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For license renewals in Florida, no criminal background checks

At least 20 Florida mortgage brokers maintained their licenses even after committing the most obvious violation of public trust -- mortgage fraud.

Hundreds more kept their licenses after other serious crimes. A reputed mobster convicted of racketeering renewed his from prison, records show.

That's possible because, while some states run criminal background checks each time a broker renews a license, Florida does not.

Instead, the state relies on an honor system. Once regulators issue a license, they trust brokers to self-report future convictions and disciplinary actions taken by other regulatory agencies.

The brokers have 30 days to notify the Office of Financial Regulation, but the agency makes no effort to track compliance, The Miami Herald found.

Maria Caldwell, 39, pleaded guilty in 2003 to her part in an $876,000 scheme to falsify documents and coax loans from banks for phony buyers.

One $178,000 mortgage arranged by her group went to a jobless 17-year-old girl whose loan application said she worked at "Pebbles and Bam Bam, Inc., " court records show.

Caldwell was sentenced to four months in jail and four years of probation, but still has an active license.

Caldwell did not respond to several requests for comment for this report.

In 2001, FBI agents called OFR regulators with a tip: They were investigating Veronika Smith-Riley, who worked for a Miami brokerage, on suspicion of mortgage fraud.

Nevertheless, when she applied for a license, the OFR granted it in November of that year.

Three months later, in February 2002, Miami-Dade County police arrested Smith-Riley twice on the same day. First, it was for stealing a client's house -- she had filed a fraudulent quit-claim deed and transferred it to her own name, court records show.

Less than two hours later, they arrested her for grand theft. She had stolen a different mortgage client's identity, using his financial information to get a loan to finance a friend's breast implants.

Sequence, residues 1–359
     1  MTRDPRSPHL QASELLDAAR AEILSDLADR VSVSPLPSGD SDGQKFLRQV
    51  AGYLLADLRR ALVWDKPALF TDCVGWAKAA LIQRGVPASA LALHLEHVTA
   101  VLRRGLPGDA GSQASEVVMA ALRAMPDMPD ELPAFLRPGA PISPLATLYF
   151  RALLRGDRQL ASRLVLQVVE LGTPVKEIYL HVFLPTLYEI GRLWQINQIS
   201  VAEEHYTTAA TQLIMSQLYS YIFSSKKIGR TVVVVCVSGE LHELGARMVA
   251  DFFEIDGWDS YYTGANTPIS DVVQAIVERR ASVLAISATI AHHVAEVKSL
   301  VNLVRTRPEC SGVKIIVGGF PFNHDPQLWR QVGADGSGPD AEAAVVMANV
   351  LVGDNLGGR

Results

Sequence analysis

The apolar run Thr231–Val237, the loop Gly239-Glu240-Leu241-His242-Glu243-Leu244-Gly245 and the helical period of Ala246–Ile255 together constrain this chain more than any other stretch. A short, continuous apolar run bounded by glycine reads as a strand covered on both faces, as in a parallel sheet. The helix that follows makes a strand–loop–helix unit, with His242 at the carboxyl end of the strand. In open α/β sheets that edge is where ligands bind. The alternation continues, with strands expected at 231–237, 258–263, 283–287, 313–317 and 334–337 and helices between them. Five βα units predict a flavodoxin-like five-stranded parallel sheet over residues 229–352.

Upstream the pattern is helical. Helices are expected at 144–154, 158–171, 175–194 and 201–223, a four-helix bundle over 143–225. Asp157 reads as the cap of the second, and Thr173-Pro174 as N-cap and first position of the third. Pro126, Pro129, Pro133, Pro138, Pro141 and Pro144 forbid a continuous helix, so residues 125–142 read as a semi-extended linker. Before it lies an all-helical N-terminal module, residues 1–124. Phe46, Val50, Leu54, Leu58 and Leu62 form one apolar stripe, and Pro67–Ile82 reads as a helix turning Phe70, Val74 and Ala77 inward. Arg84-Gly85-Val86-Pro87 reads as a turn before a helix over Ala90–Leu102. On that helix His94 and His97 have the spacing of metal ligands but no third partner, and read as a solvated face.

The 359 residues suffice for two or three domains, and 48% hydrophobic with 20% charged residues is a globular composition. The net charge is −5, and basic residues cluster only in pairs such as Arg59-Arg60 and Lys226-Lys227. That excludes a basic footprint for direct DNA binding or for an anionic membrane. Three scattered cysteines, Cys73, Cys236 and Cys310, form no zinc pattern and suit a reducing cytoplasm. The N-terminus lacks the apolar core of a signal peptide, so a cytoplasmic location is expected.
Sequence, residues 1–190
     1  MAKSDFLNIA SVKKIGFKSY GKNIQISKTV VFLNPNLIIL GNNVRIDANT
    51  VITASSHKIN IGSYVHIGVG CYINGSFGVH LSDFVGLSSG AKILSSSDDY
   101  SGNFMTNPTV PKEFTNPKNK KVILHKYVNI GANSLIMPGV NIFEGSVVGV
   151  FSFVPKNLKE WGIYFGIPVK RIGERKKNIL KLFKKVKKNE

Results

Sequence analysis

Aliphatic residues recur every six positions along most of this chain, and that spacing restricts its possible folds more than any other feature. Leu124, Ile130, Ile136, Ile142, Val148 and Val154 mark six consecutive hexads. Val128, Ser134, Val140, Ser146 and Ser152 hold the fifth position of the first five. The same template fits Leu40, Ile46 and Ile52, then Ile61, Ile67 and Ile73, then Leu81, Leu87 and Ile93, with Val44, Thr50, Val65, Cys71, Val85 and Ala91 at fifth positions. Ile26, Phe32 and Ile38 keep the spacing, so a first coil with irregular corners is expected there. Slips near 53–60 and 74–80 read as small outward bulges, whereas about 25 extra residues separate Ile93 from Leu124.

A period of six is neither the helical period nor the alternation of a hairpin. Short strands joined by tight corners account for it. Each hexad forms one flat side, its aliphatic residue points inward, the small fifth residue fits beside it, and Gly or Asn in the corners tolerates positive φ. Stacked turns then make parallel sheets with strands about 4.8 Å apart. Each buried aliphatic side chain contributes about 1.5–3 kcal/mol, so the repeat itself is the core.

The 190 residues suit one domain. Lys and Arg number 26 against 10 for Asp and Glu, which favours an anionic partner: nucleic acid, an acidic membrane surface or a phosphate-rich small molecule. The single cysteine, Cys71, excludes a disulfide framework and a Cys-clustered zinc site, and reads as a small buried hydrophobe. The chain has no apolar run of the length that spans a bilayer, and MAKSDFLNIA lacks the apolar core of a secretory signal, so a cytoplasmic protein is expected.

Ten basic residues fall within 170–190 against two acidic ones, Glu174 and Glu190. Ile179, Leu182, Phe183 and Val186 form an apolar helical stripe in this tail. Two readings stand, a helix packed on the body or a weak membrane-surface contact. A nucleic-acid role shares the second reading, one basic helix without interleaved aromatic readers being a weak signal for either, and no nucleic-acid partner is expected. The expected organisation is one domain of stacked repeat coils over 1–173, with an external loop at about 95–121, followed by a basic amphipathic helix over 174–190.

Guilty in both cases, she was put on a year's probation.


In the fall of 2002, she applied to the OFR for a separate license to open her own mortgage brokerage business.

Internal OFR documents make no mention of her arrests for mortgage fraud and grand theft. But regulators raised two concerns: She was still under investigation by the FBI, and she bounced her $425 check for the licensing fee.

But when the check cleared, they granted the license, and Trinity Empire Mortgage Corp. was in business with Smith-Riley as president.

The man whose house she stole was stunned when he learned that the OFR had given her another license.

"How the hell can you do that if you just got convicted of fraud?" asked Kevin Thelwell, 37.

A year later, in the summer of 2004, Smith-Riley was arrested again. She had filed a fraudulent loan application for a man who was in prison, and masqueraded as a lawyer to steal the equity from foreclosed properties, court records show.

While awaiting trial, she maintained both licenses in good standing.

In 2005, the FBI acted on its own investigation, charging Smith-Riley with yet another case of mortgage fraud. She pleaded guilty and was sentenced to 11 months in prison. But she kept her licenses until June 2006, when the OFR finally revoked them.

Smith-Riley did not respond to a request for comment made through her lawyer.


OFR officials interviewed last week said they were not familiar with the details of Smith-Riley's case and could not explain why her licenses were finally revoked.

But when told that other states do a fresh background check before they renew a license, Terry Straub, director of the OFR's Division of Finance, turned to an agency lawyer and said, "The obvious question is why don't we?"

Joseph Rubbo, 44, had no criminal record when he got his broker's license in 1999.

Three years later, he pleaded guilty to running a Florida-based boiler room for one of New York's original Mafia families -- the Bonannos. His phone bank had sold residents $11.7 million worth of stock in a company that did not exist, according to the federal indictment.

That same year, the Securities and Exchange Commission issued a restraining order against another Rubbo venture, "Make it Reel" productions, which sought investors for a $90 million film starring Tom Cruise and Catherine Zeta-Jones. Neither actor ever heard of the movie, SEC investigators discovered.

There is no indication in Rubbo's OFR file that regulators found out about either case, although both scams made headlines in Florida's largest newspapers.

Regulators did catch Rubbo in one offense, however: He failed to pay his $150 license renewal on time.

On Jan. 13, 2004, Rubbo got a sharply worded, all-capitals notice from Tallahassee, warning him that it's "NOT LEGAL TO WORK AS A MORTGAGE BROKER WITH AN INACTIVE LICENSE."

Rubbo paid. Regulators renewed his license five days before he entered federal prison, records show. In September 2005, regulators renewed it again -- while Rubbo sat in prison.